Friday, November 28, 2014

Rethinking Overconsumption and Reflexive Consumerism

We buy far more than we need, this is not just about wasted affluence this is about moral turpitude and civilization ending environmental destruction.

We need to understand that everything we buy has an environmental cost. This footprint includes the energy and resources used to manufacture it and the emissions associated with shipping. We live in a throwaway culture where most of what we buy ends up in the trash. However, when we dispose of something, we are adding yet another insult to the Earth. Our garbage gets transported to landfills where it contaminates the soil, leeches into the water table and generates more climate change causing greenhouse gas emissions.

If we look at what we buy and where it ultimately ends up we are forced to acknowledge that our current trajectory is not only unsustainable it is insane. In the context of global poverty and famine, the waste generated at Thanksgiving and throughout the year is unconscionable.

This is about far more than being irresponsible, our reckless indulgence jeopardizes our children's futures. Our levels of consumption far exceed the carrying capacity of the Earth. Unless we change our patterns of consumption and the underlying culture of consumerism, we will fall over a precipice from which we may not be able to recover.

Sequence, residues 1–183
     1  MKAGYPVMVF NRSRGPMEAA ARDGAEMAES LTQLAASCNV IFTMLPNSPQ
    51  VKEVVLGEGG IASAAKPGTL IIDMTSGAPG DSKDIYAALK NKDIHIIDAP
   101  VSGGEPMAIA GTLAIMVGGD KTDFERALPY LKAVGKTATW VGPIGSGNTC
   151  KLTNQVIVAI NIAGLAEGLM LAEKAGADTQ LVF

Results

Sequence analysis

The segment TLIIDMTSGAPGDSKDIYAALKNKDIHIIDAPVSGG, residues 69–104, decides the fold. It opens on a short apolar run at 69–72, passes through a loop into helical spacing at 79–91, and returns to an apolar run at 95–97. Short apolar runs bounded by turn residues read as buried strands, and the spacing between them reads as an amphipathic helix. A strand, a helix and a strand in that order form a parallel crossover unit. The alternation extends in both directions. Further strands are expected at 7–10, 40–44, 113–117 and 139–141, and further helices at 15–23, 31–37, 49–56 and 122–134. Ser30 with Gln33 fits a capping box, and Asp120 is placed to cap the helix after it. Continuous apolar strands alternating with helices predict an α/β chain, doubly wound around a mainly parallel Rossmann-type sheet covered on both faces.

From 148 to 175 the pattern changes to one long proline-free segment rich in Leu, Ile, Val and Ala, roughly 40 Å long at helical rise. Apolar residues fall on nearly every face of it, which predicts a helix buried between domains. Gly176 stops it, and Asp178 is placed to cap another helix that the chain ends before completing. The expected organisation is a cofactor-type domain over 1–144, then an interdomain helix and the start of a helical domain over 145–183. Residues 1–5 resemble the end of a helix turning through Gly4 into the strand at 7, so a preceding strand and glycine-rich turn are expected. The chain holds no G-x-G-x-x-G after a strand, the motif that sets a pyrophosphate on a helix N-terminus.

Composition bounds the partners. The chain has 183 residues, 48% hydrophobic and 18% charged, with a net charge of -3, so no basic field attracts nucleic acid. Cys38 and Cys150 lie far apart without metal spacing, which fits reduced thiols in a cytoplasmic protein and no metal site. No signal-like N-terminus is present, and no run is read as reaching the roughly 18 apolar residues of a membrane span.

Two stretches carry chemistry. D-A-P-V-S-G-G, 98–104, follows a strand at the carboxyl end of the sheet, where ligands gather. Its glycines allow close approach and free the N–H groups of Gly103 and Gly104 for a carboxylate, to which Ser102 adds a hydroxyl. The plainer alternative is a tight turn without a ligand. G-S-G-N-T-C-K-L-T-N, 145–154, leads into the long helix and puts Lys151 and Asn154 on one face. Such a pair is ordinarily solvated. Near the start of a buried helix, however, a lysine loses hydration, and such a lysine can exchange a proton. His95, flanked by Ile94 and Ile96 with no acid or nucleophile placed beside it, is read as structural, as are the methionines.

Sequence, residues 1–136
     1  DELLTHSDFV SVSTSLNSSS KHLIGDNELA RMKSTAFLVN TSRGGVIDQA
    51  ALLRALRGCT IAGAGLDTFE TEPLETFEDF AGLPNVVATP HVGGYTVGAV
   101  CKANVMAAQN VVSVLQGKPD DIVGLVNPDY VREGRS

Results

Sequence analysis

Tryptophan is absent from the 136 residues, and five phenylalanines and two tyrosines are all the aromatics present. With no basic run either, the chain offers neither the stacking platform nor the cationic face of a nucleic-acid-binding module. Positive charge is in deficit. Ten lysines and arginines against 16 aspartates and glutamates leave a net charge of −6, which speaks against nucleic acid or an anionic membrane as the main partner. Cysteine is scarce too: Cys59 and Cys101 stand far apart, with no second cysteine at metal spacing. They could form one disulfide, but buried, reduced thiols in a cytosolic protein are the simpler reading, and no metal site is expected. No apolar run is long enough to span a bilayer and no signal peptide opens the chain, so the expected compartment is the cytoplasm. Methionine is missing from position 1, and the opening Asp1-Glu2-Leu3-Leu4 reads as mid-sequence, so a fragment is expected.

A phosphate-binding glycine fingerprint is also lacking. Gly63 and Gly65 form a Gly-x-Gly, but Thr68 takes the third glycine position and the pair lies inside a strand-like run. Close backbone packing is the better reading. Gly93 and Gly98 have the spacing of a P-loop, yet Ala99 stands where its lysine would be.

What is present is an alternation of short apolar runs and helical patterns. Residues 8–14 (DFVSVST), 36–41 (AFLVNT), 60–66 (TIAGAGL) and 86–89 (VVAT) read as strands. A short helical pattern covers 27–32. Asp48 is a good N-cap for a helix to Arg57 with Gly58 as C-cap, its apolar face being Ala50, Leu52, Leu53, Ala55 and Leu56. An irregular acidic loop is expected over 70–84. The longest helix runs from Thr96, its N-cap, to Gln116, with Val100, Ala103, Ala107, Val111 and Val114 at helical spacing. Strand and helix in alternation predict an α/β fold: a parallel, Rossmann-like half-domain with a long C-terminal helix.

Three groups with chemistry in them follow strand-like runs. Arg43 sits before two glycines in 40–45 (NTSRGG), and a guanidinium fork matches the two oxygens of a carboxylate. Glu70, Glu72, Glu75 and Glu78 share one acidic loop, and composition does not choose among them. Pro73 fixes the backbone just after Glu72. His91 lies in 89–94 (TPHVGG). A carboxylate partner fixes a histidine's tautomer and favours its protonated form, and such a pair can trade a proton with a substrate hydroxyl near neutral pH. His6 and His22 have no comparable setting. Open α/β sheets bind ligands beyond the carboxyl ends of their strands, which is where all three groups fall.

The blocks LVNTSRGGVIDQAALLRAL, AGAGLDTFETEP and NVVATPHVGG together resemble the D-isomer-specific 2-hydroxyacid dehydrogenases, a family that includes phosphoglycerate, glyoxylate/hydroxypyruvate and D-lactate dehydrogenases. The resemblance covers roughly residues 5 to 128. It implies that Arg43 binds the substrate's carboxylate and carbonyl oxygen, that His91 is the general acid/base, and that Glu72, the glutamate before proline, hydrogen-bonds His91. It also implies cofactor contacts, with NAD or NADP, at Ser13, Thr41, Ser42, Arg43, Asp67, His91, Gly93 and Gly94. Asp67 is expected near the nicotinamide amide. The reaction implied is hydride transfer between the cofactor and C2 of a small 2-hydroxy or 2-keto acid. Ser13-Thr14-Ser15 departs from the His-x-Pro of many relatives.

Research bears out what we already know-- we have far more than we need. A 2012 UCLA study of 32 middle-class families in Los Angeles found that 75 percent of garages contained between 300 to 650 boxes. These garages were so full that there was no room to park the car. Garages are just the tip of the iceberg, the average house has 438 books and magazines, 139 toys and 39 pairs of shoes.

We need to rethink the marketing frenzy that causes us to reflexively consume. We should question the messages that purport to tell us what we need. We need to stop and think rather than buy into the collective hysteria of rampant consumerism. Independent of what marketers tell us, the question that we need to ask before we make any purchase is, "do we really need it?" In most instances the answer is no, we really don't.

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